The basic method of Tunisian crochet produces a distinctive pattern with vertical ribbing and just like regular crochet, it can be used to stitch patterns in rounds, although for Tunisian crochet this requires a double-ended hook and two balls of yarn. It can be used to make most things that crochet can, although it is less suited to finer items.
5. Which of the following websites would generally be *least* useful for a crocheter?

Answer: IMDb

IMDb (The Internet Movie Database) might not have much on it for crocheters but the others are just a few examples of the online resources that can help people learn to crochet or to find beautiful patterns. Red Heart is a yarn brand that features many patterns on its website, many for free, and there are other brands that do the same. Ravelry is a type of social networking site for crafters, who can access patterns, information about yarns, discuss their projects in forums, as well as a marketplace where people can support designers and buy patterns.

Like many before me, I tried to learn crochet first from books, and while I'm not usually a visual learner, things just weren't clicking from still photos in a book. Luckily, YouTube has multitudes of video tutorials for just about anything related to crochet you can think of, including stitch-along tutorials for full patterns. There are so many different crocheters with different teaching styles that you can find someone whose lessons suit you, and many channels tie in to a corresponding blog or website so you can easily find written patterns once you get the hang of them.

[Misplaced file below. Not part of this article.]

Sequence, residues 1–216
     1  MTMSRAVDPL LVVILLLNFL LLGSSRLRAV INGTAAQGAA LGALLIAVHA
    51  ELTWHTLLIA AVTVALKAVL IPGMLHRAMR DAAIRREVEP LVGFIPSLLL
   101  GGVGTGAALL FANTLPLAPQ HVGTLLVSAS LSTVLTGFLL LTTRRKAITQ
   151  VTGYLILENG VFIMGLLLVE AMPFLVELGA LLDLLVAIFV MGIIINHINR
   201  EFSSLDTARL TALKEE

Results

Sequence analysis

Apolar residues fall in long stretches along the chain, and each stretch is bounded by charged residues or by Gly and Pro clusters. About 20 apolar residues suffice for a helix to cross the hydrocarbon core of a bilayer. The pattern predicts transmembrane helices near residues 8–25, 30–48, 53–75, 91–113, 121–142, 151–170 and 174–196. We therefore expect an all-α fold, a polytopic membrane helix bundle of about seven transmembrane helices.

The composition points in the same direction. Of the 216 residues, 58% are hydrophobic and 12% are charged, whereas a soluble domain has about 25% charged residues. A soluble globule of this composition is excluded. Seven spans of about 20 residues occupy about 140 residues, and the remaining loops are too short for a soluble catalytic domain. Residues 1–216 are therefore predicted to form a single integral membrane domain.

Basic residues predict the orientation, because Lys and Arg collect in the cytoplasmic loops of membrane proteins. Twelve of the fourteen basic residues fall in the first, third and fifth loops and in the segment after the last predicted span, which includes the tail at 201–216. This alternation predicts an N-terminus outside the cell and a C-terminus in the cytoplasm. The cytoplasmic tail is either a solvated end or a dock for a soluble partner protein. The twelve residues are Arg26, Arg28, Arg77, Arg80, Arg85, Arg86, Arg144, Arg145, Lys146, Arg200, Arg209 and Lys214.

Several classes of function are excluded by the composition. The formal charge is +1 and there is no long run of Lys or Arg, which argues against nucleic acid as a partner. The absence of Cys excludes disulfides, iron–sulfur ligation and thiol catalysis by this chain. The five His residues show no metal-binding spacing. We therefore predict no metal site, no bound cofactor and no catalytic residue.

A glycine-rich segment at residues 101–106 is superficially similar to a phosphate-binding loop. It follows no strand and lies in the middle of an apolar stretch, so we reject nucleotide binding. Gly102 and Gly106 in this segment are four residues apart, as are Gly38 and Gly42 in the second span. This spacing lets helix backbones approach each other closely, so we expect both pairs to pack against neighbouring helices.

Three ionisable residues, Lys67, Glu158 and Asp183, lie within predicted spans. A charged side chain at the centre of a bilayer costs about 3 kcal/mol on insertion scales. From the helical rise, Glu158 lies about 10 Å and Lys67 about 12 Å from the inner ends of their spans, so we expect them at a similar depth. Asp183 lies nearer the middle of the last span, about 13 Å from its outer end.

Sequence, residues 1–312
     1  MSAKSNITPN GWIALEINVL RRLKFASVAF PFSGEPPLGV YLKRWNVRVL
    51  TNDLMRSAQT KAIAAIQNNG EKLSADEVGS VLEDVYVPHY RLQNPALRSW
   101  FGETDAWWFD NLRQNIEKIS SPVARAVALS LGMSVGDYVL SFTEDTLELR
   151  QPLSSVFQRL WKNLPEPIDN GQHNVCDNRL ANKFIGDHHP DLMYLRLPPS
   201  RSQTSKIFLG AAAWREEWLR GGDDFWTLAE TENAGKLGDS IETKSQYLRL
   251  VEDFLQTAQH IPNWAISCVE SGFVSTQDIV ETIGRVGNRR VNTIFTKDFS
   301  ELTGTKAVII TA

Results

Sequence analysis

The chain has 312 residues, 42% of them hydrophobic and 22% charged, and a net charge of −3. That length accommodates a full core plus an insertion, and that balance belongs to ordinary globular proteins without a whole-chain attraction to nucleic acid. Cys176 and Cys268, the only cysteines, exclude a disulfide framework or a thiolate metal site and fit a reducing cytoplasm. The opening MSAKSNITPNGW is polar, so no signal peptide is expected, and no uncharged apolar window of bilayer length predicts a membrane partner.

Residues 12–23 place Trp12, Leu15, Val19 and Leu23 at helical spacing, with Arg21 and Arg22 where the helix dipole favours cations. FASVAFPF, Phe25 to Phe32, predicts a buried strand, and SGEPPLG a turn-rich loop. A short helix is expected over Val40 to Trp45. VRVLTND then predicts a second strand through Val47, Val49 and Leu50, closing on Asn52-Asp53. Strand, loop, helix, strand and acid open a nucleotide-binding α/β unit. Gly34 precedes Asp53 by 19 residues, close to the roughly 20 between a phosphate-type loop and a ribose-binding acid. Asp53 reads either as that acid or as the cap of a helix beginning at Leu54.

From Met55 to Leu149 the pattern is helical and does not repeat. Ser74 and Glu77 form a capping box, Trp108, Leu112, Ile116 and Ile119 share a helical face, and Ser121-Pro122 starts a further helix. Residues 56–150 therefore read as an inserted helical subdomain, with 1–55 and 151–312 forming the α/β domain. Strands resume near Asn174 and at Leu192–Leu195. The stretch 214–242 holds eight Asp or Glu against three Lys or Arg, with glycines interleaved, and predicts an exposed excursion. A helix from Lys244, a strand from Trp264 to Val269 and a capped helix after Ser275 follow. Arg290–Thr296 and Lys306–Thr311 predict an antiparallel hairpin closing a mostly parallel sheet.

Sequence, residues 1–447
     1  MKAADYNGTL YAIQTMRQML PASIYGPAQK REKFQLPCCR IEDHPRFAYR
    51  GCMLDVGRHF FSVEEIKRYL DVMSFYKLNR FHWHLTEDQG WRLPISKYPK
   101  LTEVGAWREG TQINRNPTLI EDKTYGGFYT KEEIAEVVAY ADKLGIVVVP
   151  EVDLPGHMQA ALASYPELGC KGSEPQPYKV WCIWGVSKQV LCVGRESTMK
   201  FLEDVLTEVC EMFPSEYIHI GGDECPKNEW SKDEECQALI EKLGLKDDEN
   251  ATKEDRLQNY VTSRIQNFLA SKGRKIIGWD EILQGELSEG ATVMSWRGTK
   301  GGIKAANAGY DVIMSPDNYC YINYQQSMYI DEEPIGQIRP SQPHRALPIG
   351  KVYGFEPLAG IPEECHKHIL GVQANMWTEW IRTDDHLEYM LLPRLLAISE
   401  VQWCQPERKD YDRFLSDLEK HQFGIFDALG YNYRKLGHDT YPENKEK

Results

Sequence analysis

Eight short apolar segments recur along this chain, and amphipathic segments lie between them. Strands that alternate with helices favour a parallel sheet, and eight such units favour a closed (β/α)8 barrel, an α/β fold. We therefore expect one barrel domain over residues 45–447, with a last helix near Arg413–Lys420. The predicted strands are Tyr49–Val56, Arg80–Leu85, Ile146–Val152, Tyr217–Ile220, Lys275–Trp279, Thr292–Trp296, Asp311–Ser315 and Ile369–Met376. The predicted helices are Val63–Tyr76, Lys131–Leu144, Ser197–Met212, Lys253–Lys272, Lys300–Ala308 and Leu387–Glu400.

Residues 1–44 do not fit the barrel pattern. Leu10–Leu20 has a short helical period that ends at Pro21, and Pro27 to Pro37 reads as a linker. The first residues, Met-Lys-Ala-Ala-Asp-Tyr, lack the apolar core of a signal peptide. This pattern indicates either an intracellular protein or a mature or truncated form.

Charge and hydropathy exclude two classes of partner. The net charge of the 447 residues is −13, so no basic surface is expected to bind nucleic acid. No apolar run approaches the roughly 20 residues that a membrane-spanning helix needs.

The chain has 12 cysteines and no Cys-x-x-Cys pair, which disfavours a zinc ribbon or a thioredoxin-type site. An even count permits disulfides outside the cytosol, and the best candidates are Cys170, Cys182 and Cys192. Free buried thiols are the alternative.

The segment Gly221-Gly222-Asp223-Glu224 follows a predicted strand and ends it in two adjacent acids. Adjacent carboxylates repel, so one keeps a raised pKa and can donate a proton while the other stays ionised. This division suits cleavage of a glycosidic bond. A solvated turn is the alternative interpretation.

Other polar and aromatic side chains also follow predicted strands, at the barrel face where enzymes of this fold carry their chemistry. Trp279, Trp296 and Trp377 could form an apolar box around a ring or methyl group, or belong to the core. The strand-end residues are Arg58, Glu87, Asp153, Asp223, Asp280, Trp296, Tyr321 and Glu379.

6. Whether regarded as street art or graffiti, it is becoming more common to see crocheted (or knitted) pieces out and about in the street, such as around lampposts, postboxes, or even statues. Which of these militant-sounding names is this usually known by?

Answer: Yarn bombing

Yarn bombing is also known as urban knitting, yarn storming, and various other names. No one's quite sure who started it or when but it seems to have become popular in the 1990s and 2000s in Texas, USA, particularly around the Houston area, and is now found in many parts of the world. Different artists have different motivations for yarnbombing, including bringing joy to public spaces they feel have become cold and sterile, or as part of a feminist approach of reclaiming crafts that are traditionally done by women and that have been devalued. People have also used yarnbombing as part of protests and to raise awareness of various causes.

The sizes involved in this public art vary from individual artists creating small pieces to large collectives doing mass projects. Although it brings joy and can brighten up a public space, some installations may be illegal in different areas and some people have environmental concerns, such as the effect on tree growth when the trunk is covered in yarn and projects using synthetic fibres, which don't biodegrade like natural fibres. It's always a good idea for artists to make sure they are not breaking any littering or graffiti laws before undertaking a yarnbombing project, and to periodically check on it and remove the material when it begins to become worn and decayed.
7. A form of crochet imitating Venetian Gros Point lace became popular in the 19th century and was taught in convents all across which of these countries, where it formed part of the Famine Relief Schemes?

Answer: Ireland

Irish crochet lace is a technique using a very small crochet hook and thin thread to make patterns that imitate the appearance of expensive Venetian Gros Point lace (also known as Point de Venise). As Ireland was recovering from the Great Famine, many people learned the technique as a way to make money, and it was first taught mainly through convents across the country. Around the beginning of the 20th century, it spread to nearby countries in Europe and is now practised all over the world.